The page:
The Mara’s name pays homage to its ancestral inhabitants, while “Mara” itself translates to “spotted” in the Masai language (Maa). This references the savannah plains of the area, resplendent with riverine forests, mountain ridges, and natural springs. This richly diverse ecosystem beckons millions of wildebeest, zebras, and gazelles, who embark on the annual Great Migration each June in search of nourishment.

Although my journey took place just before the thrilling migration stampede from Tanzania’s Serengeti, Mike and his a CB radio network connecting the lodge’s guides—ensured that our group was treated to an alphabetic menagerie of creatures. From graceful antelopes and regal giraffes to cunning hyenas, vibrant warthogs, and magnificent zebras, the savannah came alive before our eyes.

A heart-pounding race across the grasslands led us to a once-in-a-lifetime encounter with one of the Mara’s precious leopards, from a safe distance in our open-sided Jeep, as the sun began its descent. Messaging frantically over the radio, we were guided to a pair of nearly as rare cheetah brothers gracefully traversing a grassy expanse, bathed in the soft glow of a sunrise the following morning.

The enthralling sightings of big cats persisted, culminating in the spectacle of a lion pack feeding upon the carcass of a buffalo—a dramatic scene accompanied by the symphony of ripping and crunching that surpasses any television documentary. Astonishingly, this gory scene did not diminish our appetites, as the lodge’s chefs prepared a sumptuous bush breakfast in a pop-up kitchen.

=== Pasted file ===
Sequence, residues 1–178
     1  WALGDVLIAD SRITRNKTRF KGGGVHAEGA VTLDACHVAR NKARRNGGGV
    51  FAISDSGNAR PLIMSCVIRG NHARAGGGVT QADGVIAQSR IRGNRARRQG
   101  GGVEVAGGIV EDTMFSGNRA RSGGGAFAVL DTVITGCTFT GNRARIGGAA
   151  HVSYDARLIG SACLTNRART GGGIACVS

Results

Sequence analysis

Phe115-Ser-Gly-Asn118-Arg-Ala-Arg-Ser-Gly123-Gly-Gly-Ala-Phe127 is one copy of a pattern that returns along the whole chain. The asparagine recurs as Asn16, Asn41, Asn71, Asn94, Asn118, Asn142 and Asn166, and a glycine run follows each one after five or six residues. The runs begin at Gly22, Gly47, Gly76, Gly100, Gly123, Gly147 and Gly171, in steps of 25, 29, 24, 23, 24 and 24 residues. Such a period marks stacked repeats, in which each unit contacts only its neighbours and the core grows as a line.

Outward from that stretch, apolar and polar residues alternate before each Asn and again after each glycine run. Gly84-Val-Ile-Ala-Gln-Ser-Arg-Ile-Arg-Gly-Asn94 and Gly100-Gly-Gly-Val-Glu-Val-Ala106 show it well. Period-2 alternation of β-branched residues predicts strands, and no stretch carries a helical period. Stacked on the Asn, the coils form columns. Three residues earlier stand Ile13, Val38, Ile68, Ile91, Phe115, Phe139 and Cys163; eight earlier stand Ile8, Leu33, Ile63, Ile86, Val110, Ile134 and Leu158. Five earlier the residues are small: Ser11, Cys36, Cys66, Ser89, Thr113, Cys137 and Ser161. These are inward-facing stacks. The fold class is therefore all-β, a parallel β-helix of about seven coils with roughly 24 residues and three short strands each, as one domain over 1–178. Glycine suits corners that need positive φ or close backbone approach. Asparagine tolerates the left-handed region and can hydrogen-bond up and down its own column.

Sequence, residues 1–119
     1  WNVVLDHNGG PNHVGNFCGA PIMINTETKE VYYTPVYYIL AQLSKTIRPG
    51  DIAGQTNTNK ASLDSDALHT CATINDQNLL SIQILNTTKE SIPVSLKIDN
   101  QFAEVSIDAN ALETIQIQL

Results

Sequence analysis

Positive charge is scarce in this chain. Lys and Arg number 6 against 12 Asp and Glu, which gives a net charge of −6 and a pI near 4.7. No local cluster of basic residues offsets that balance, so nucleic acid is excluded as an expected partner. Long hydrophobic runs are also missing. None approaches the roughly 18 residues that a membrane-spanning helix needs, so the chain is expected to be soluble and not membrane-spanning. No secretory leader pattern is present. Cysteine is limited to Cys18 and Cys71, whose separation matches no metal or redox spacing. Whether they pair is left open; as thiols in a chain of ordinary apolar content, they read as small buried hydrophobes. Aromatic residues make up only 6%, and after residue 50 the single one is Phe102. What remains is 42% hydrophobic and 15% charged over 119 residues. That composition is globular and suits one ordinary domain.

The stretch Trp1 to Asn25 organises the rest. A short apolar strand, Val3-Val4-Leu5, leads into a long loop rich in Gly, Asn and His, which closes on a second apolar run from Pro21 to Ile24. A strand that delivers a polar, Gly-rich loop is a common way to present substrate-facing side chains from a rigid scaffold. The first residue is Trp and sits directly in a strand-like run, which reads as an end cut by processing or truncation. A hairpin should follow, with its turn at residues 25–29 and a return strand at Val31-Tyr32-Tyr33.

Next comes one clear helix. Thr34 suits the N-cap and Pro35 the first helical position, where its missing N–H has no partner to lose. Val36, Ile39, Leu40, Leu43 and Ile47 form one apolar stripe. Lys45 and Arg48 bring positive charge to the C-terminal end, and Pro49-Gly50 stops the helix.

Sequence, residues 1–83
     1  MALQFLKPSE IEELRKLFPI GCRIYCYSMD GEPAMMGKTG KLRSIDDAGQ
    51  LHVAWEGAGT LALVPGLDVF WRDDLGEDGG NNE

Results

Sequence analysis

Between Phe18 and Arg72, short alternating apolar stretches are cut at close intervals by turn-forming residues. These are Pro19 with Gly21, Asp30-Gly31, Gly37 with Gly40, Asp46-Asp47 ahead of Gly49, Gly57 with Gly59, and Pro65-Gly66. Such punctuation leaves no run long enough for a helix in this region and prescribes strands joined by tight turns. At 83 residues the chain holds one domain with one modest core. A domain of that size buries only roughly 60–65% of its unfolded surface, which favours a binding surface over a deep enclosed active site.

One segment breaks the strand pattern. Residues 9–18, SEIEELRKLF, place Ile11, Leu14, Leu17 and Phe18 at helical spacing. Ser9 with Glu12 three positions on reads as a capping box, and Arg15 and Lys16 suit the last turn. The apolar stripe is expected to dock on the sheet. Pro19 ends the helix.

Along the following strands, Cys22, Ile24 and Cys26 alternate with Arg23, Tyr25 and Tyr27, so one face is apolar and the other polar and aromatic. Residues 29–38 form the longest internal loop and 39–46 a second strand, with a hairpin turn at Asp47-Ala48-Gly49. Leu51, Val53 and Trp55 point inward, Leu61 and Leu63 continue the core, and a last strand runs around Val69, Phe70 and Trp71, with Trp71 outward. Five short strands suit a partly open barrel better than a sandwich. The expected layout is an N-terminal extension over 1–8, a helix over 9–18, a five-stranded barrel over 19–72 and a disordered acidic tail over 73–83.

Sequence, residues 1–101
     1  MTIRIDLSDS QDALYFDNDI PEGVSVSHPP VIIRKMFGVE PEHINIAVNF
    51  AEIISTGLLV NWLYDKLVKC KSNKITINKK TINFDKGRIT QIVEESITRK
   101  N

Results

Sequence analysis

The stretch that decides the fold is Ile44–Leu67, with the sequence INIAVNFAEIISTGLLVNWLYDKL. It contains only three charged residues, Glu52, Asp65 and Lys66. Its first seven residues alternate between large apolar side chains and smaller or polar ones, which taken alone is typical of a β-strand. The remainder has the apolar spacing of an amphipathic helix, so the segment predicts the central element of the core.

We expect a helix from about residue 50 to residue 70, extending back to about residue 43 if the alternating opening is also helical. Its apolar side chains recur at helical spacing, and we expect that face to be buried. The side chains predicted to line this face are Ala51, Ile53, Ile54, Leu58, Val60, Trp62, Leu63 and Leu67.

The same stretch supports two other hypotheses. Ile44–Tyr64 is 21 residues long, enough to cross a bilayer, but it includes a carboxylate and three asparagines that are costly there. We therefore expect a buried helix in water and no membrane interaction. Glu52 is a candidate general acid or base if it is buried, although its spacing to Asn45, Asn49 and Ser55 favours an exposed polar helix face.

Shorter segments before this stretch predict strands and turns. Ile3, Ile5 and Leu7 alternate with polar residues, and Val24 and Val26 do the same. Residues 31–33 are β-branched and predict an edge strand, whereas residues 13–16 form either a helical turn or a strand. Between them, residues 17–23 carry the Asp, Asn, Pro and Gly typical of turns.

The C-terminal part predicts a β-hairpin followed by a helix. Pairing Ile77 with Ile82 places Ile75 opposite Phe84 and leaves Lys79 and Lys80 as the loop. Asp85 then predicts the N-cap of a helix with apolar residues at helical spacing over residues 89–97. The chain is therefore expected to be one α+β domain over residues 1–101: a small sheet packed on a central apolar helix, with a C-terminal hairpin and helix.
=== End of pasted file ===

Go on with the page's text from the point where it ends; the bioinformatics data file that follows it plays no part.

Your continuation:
Undeterred, our unflappable team orchestrated a picture-perfect finale for our final sojourn to the savannah. A sundowner and bonfire were arranged, offering a memorable sundowner drinks experience. However, the Mara had different plans, unleashing an unexpected storm that sent us scurrying back to our Jeeps. Racing through rain-soaked and potholed roads, our day concluded with equally enjoyable, if visually less Instagram-worthy, drinks beneath the shelter of canvas—a poignant reminder that in this immense wilderness, nature ultimately reigns supreme.